The first gallery ends with a reproduction of the pipe image, the treachery of images, as the original is in Los Angeles, California. The text hear reads “this continues not to be a pipe.” Simply put, one can not put any tobacco into the pipe Magritte has painted; it is the representation of a pipe not an actual pipe, a simple truth that needs stating even more today than ever in our image saturated world.

Magritte using painting to say what the mind wants to but is not yet known. This is second hand translation and seems to miss the point. In fact, Magritte in translation seems compromised often with words assuming different meanings. An example is the painting called L’homme du Large in French but The Man from the Sea in English. The French word directly implies size which the English translation misses.

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Louis Scutenaire is seen smoking and wearing a helmet

On level 2, there are some cameos playing. These little dramas are spiced with Surrealistic humour and feature Little Red Hood; Magritte liked Lewis Carrol. One of his friends, Louis Scutenaire, is seen smoking and wearing a helmet; there is much footage of his wife, Georgette.

Although basically chronological, this exhibition jumps around a little as different influences in his life are explored.

Magritte returned from Paris in 1930. He had to return to advertising work to make a living but after some years his work started to sell.

He painted a statue of the Venus de Milo, giving her a flesh coloured coat. Paul Nuget commented on this as did Andre Breton. Magritte started to be exhibited.

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God is no Saint

Titles play an ambiguous role in Magritte’s work and were conceived later in the process of making a painting. For instance, a bird possibly a Jackdaw, perched on the side of a shoe is called “God is no Saint.” Birds feature frequently in Magritte’s work but have no stated symbolic meaning. Life is a mystery!

Using painting to create another dimension, another space … as in a door with a shape cut in it. Depth! A partially hidden layer.

Symbols that Magritte used were the sky, the sea, small spherical bells and, as with other Surrealists, mirrors.  Play of day and night. Metamorphosis. Stone, cloud. Crescent moon. Trees, eggs, dusk … his visual vocabulary. Bowler hatted, figure in coat, houses,

During the war, Magritte started using bright colours in a more impressionistic style. Trees which bore one large leaf instead of many (The Blaze, 1943), a group of owls growing from the ground like leaves (the companions of fear, 1942) and also in 1942, Treasure Island, with doves growing out as plants. Andre Breton was not enthused.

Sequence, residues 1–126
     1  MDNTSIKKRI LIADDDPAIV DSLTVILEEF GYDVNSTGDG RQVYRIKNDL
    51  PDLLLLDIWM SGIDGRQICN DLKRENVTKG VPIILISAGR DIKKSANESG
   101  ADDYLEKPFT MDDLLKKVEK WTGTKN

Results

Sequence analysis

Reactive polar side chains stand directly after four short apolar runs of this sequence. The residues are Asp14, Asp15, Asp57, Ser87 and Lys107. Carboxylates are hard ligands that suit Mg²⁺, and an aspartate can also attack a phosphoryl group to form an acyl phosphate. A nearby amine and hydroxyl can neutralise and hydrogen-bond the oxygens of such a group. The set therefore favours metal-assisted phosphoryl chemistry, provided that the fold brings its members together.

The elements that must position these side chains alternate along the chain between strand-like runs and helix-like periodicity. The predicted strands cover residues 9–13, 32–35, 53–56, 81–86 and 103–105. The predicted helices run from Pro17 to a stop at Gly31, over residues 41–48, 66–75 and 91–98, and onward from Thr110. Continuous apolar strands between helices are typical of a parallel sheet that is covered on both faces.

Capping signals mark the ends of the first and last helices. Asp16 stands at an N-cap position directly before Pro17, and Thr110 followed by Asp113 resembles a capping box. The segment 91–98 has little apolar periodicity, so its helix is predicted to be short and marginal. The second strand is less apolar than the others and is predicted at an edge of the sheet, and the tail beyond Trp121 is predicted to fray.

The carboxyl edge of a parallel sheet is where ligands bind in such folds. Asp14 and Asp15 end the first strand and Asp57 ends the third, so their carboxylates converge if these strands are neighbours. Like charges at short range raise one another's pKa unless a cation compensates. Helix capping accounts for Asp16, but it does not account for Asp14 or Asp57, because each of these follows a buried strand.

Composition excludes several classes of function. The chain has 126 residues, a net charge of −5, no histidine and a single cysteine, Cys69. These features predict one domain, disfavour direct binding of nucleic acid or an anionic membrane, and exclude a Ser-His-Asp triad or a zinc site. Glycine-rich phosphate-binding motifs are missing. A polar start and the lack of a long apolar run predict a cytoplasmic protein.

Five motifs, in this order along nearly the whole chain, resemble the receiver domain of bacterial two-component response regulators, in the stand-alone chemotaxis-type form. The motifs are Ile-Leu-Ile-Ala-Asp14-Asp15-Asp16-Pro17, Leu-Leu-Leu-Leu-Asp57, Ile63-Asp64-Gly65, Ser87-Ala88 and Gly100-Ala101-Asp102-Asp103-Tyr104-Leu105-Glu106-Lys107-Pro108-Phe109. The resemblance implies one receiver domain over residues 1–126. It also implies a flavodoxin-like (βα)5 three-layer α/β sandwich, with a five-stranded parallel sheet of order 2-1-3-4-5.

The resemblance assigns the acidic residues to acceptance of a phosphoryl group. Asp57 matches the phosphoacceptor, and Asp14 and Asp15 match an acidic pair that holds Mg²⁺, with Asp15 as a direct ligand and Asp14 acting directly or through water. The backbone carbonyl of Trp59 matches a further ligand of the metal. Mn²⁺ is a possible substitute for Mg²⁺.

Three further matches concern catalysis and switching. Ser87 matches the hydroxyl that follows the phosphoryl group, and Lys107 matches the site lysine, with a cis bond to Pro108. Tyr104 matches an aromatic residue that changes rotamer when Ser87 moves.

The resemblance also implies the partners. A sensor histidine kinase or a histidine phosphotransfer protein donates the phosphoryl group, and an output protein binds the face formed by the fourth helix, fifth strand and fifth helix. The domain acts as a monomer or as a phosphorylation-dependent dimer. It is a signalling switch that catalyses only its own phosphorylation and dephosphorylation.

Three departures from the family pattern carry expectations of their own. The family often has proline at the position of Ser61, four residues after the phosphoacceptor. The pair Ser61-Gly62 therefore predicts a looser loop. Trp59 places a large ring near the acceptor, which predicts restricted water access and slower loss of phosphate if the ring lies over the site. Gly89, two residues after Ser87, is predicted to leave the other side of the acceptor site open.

Magritte embraced Communism for awhile after the war and attempted to get them to see that art could be practiced in its’ own right rather than in the service of the state. He failed like others who tried, to get the communists to see this and so discarded them. He was accused of lacking political conviction and called a capitalist; by now his work was selling and being exhibited in America.

In 1947, Magritte was banished from the Surrealist group. He entered a period called “Vache” in which he made a group of paintings that were intended for a show in Paris. This included copying the style of painting found in comics. Gavin Turk is a British artist who has made sculptures from this period.

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portrait of Adrienne Crowet (1942)

Magritte sometimes undertook Portrait commissions; these were not straight pictures and showed his unique style as in the portrait of Adrienne Crowet (1942).

Magritte initially did not appeal to the Americans with his Renoirlike style and was told to continue with his former style much to his mortification. He eventually died on Assumption Day 1967.

Magritte did achieve success towards the end of his life but too late for him to really enjoy it. He did not care if a painting sold for a million because such success was based on a misunderstanding. Magritte remained true to himself.

He did have an influence on the modern world as with his Apple , adopted by the Beatles and perhaps giving way to the huge company of that name! Magritte regarded Pop Art as a watered down form of Dadaism; often it did not require much original thinking as perhaps in the multiple photos of soup cans.

In some ways, the last room is of most interest as it shows Magritte’s later work with which I am most familiar. Here, he does seem to have produced some of his best work.

Magritte was a cerebral painter, searching for something in his work. He sometimes left the titles of works to others and certainly did not agree with psycho-analytical interpretations of his work.

The Masked Ball is a strikingly mysterious image showing the sun rising or setting over the sea with a monolithic stone in the foreground. (The Masked Ball, 1958). A haunting beauty or is it just another sunrise/sunset image.

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His last painting which features a full moon in front of rather than behind the leaves of a tree and reveals a night sky with houses on the horizon, lights lit, is called The Blank Page.

Salvador Dali described him as an exemplary painter who should be used in every school in the world to illustrate what poetry is. Magritte did not know the real reason for his painting.

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A Magritte altered to fit into a local cafe

The mass reproduction of his images is really the realisation of his concept that the image is really only the vehicle for an idea.

After the shop, the cinema where a film about Magritte is playing. Painting a tool for him. The movie seems to add its’ own narrative which rather distorts what the exhibition has shown yet it is obvious he could not have done what he did without his wife, Georgette. Magritte did not play the role of artist yet he was undoubtedly one. He discovered what he had to paint. De Chirico a major influence; from the classical world while Magritte was part of the modern one.

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The museum shop is considered to be part of the exhibition